FIG. 6 shows what is called a printed-circuit-board pallet 17, in which many circuit board patterns 19 are formed on a large section of material. In this figure there is shown a technique whereby circuit board material is removed by routing and only narrow mechanical connective links 18 exist between each individual circuit board 20 and the original large section of material. FIG. 7 depicts the same pallet after individual surface mount components 21 have been added to each individual circuit board 20. FIG. 8 shows an individual circuit board 20 after it has been snapped or broken away from its original position in the group of circuit boards 20 in FIG. 6. The separated flat circuit board 20 is formed into a cylindrical shape 23 as shown in FIG. 9. A surface mount component 21 as seen on the inside surface.

FIG. 10 shows the cylindrically shaped circuit board inserted into the cylindrical cavity of the glass bulb. The combined thickness of the circuit board and the surface-mounted components must not exceed the space between the inner glass-sealed tube 24 and the outer glass bulb cylindrical portion 25. One of the wires from the filament, normally directed to the metallic disc in the screw base, is instead directed to a connection point of the circuit board 26. Another wire is affixed to a second circuit board point 27 and then directed to the screw-base metallic disc. In other words, the circuit board is inserted into what would have been a direct filament-to-screw-base connection. FIG. 11 shows a simplified bottom view of the arrangement of FIG. 10

FIG. 12 show an assembly much like that of FIG. 4 but with the cylindrical circuit board inserted into the cylindrically bulb cavity and the electronics of the circuit board in the electrical path from the filament to the screw base. FIG. 13 depicts a normal lamp connection, and FIG. 14 shows a preferred embodiment incorporating the present invention. The schematic shows a Sidac 36 used to establish a fixed phase control of the lamp in a manner outlined in U.S. Pat. No. 4,980,607. An optional resistor 38 is in parallel with the Sidac to enhance circuit operation under certain conditions.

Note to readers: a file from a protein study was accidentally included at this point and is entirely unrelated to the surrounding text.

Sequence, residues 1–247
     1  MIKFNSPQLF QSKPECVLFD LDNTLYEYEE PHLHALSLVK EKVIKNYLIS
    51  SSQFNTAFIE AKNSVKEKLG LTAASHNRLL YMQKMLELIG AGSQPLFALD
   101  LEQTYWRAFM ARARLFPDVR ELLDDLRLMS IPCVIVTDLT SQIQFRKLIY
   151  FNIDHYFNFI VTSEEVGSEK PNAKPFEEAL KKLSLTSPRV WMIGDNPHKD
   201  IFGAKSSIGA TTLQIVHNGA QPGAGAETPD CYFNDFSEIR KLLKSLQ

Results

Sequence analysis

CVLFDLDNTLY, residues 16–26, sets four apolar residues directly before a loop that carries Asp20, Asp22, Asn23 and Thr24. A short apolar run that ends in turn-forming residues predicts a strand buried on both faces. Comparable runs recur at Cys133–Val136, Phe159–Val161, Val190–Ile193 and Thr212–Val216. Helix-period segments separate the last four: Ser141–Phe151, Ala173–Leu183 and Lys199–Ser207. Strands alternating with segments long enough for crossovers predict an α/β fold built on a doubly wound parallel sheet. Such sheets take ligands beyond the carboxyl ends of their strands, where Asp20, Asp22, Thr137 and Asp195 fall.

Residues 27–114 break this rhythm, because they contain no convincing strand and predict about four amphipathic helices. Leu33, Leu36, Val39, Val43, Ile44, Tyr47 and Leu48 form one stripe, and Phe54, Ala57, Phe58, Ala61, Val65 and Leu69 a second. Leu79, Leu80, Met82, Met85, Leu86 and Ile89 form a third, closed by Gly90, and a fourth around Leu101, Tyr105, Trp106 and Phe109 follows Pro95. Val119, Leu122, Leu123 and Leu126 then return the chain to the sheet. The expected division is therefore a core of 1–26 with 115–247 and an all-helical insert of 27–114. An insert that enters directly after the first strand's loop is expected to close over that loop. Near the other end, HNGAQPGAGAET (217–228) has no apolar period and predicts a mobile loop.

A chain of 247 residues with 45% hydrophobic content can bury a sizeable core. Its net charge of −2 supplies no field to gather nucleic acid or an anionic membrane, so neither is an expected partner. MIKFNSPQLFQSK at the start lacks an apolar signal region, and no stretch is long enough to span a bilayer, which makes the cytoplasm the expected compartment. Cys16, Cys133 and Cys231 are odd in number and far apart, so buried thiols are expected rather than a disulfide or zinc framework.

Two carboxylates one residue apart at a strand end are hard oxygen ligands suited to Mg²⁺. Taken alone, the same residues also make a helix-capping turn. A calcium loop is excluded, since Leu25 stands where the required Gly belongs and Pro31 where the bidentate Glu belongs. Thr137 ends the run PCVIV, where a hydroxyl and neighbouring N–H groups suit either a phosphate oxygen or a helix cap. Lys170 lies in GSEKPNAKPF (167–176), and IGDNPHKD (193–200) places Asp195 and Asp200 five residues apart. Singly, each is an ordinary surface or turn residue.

Those skilled in the art will recognize that the circuitry between points 26 and 27 of FIG. 13 might incorporate other components such as Triacs, SCR's, transistors and a various other electronic components.

FIG. 15 shows a circuit in which the cylindrical circuit board also has provision for two additional connections, 28 and 29. It is apparent in FIG. 12 that one of the wires from the filament was directed right to the outer screw shell. However, if that wire were to be first connected 26 to the circuit board and another wire from the circuit board 27 to the screw shell, additional circuitry 30 of figure could be incorporated. The circuit 31 in series with one of the filament leads could be the triac and resistor combination of FIG. 14 that might be controlled by the auxiliary circuit 30 connected from 28 to 29 which is on the circuit board. The connections 28 and 29 (connected to 27) are located across the AC line voltage. FIG. 15 shows the two types of circuit connections and depicts a control signal 32 from the auxiliary circuit to the series-connected circuit.